In 1936, when Chatsworth Court was completed, you can just imagine Agatha Christie’s Hercule Poirot admiring the ‘fine flats in an exceptionally distinguished area’. Still highly sought after today, Chatsworth Court may not have been home to Poirot, but they were home to the children of explorer Sir Ernest Shackleton, including geographer and politician, Edward, Baron Shackleton, along with world-famous actress and star of Dynasty, Joan Collins.
Prior to the building of Chatsworth Court, this part of Pembroke Road was covered by a row of paired villas, built in the 1840s by local builder, Stephen Bird. Pembroke Road was named for the connection with former landowners, the Edwardes family, and their estate in Pembrokeshire in Wales. The street was laid out over farmland in the 1820s, but the houses were only completed later during the 1840s.
The Ordnance Survey map also reveals that to the west, past the paired villas, was a ‘Pianoforte Manufactory’. This was the former factory of celebrated French piano and harp manufacturers, Messrs Erard. It was built in the early 1850s and by 1855 the factory was producing over 1,000 pianos and harps with around 300 workers. However, by 1891 the factory had closed and the site was taken for residential flats, Warwick Mansions, along with warehouses (also later replaced with flats).
The new century also brought change to the eastern end of Pembroke Road, with the demolition of the Victorian villas and the building of two new blocks of flats – Chatsworth Court and Marlborough Court. On the corner of Earl’s Court Road was the larger Chatsworth Court, designed by H.F. Murrell and R.M. Pigott and completed in 1935. Murrell and Piggott were responsible for several other blocks in London, including neighbouring Marlborough Court and Ovington Court in Knightsbridge.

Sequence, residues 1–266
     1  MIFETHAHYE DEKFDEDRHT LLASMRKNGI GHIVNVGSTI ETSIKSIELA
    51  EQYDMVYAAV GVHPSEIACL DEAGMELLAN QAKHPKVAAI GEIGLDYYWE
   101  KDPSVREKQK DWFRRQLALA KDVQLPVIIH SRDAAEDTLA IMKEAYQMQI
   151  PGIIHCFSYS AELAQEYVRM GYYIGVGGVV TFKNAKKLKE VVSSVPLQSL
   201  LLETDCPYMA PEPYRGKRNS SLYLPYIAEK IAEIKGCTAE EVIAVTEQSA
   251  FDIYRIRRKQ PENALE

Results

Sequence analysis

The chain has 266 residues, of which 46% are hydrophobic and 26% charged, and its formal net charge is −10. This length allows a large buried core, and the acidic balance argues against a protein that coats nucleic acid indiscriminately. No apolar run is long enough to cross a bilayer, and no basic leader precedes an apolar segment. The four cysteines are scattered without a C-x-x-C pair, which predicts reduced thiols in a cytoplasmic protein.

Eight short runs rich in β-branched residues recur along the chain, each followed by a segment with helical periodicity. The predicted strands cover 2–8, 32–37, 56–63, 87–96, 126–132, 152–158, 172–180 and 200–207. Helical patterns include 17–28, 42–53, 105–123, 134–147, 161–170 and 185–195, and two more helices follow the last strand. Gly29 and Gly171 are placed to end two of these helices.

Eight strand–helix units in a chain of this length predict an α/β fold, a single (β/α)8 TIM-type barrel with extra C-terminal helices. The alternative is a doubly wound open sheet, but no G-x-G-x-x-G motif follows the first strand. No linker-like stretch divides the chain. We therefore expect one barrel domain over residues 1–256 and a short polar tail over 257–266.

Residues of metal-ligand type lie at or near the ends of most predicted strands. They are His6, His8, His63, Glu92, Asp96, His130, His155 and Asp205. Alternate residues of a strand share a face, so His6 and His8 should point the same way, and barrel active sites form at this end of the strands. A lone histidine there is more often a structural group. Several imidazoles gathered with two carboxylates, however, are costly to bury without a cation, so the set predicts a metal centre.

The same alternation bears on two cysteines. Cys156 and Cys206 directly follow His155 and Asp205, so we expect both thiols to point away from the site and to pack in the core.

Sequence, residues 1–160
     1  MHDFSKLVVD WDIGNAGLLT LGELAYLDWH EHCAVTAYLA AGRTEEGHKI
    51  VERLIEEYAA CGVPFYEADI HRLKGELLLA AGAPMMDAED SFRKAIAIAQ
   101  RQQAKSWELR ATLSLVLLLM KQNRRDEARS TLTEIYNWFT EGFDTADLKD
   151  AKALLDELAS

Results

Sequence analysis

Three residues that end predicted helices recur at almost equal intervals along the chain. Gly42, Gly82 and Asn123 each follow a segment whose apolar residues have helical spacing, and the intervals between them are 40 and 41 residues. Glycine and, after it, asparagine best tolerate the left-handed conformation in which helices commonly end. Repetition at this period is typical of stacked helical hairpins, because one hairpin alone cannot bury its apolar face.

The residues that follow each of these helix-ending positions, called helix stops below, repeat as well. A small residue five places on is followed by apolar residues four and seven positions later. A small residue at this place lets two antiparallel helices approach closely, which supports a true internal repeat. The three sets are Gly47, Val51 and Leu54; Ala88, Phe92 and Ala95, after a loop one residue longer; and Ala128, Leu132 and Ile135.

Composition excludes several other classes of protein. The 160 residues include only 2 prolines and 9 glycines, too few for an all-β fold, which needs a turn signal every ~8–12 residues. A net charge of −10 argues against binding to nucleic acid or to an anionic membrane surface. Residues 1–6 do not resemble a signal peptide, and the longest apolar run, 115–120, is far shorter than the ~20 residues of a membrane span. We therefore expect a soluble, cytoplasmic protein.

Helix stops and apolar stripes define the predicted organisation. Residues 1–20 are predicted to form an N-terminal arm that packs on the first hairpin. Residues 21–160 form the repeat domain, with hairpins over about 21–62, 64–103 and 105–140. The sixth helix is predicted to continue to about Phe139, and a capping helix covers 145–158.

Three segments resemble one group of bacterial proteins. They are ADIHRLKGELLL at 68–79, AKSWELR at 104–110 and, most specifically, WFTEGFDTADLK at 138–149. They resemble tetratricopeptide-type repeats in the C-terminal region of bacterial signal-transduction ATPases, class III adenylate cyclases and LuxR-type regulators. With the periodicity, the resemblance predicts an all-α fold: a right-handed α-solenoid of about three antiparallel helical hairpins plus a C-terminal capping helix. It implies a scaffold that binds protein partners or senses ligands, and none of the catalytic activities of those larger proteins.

The new flats were promoted as ‘a country club in a garden’ with modern fitted kitchens and bathrooms (a key selling point in a day when this was not necessarily the norm) and a range of luxury facilities, including tennis and squash courts, swimming pool, restaurant, internal telephones, optional maid services, electric clocks and heated towel rails. The brochure promoted the flats ‘near the centre of things, but surrounded by trees [where] one can live well but unostentatiously: quietly but socially’. When first advertised in 1936 there were six different types of flats ranging from £130-£350 p.a. inclusive.
The first residents began to move in during late 1936 and 1937 and by 1938 occupants included Lady Ellen Palmer and Lady Raeburn, along with Lieutenant-Colonel Gaskell and Colonel Langstaff.
However, one of the most noted early families to move into Chatsworth Court were the children of Antarctic explorer, Sir Ernest Shackleton. At flat No.38 in 1938 was his eldest son, Raymond Shackleton, while at flat No.118 was Raymond’s sister, Cecily. Sir Ernest Shackleton’s youngest son, Edward, later Baron Shackleton, was also recorded living in Chatsworth Court with his wife Betty in 1940.
In 1934 Edward Shackleton organised and took part in the Oxford University expedition to Ellesmere Island and during the Second World War served as Wing Commander in the RAF. He was appointed O.B.E. in 1945 and from 1946 to 1955 he served as a Labour MP. He was created Baron Shackleton in 1955 and later went on to serve as Minister of Defence for the RAF, Leader of the House of Lords, and also President of the Royal Geographical Society.
Other notable residents of Chatsworth Court have included screenwriter, H. Fowler Mear, who wrote many screenplays, including Lord Edgeware Dies (1934) and Scrooge (1935). It was also home to Nixon Hilton of Nixa Records, later Pye Nixa, who distributed records for Petula Clark, The Searchers and The Kinks.
However, one of the most famous former occupants was actress and author, Dame Joan Collins, who lived at Chatsworth Court during the 1960s with her second husband, actor and songwriter, Anthony Newley.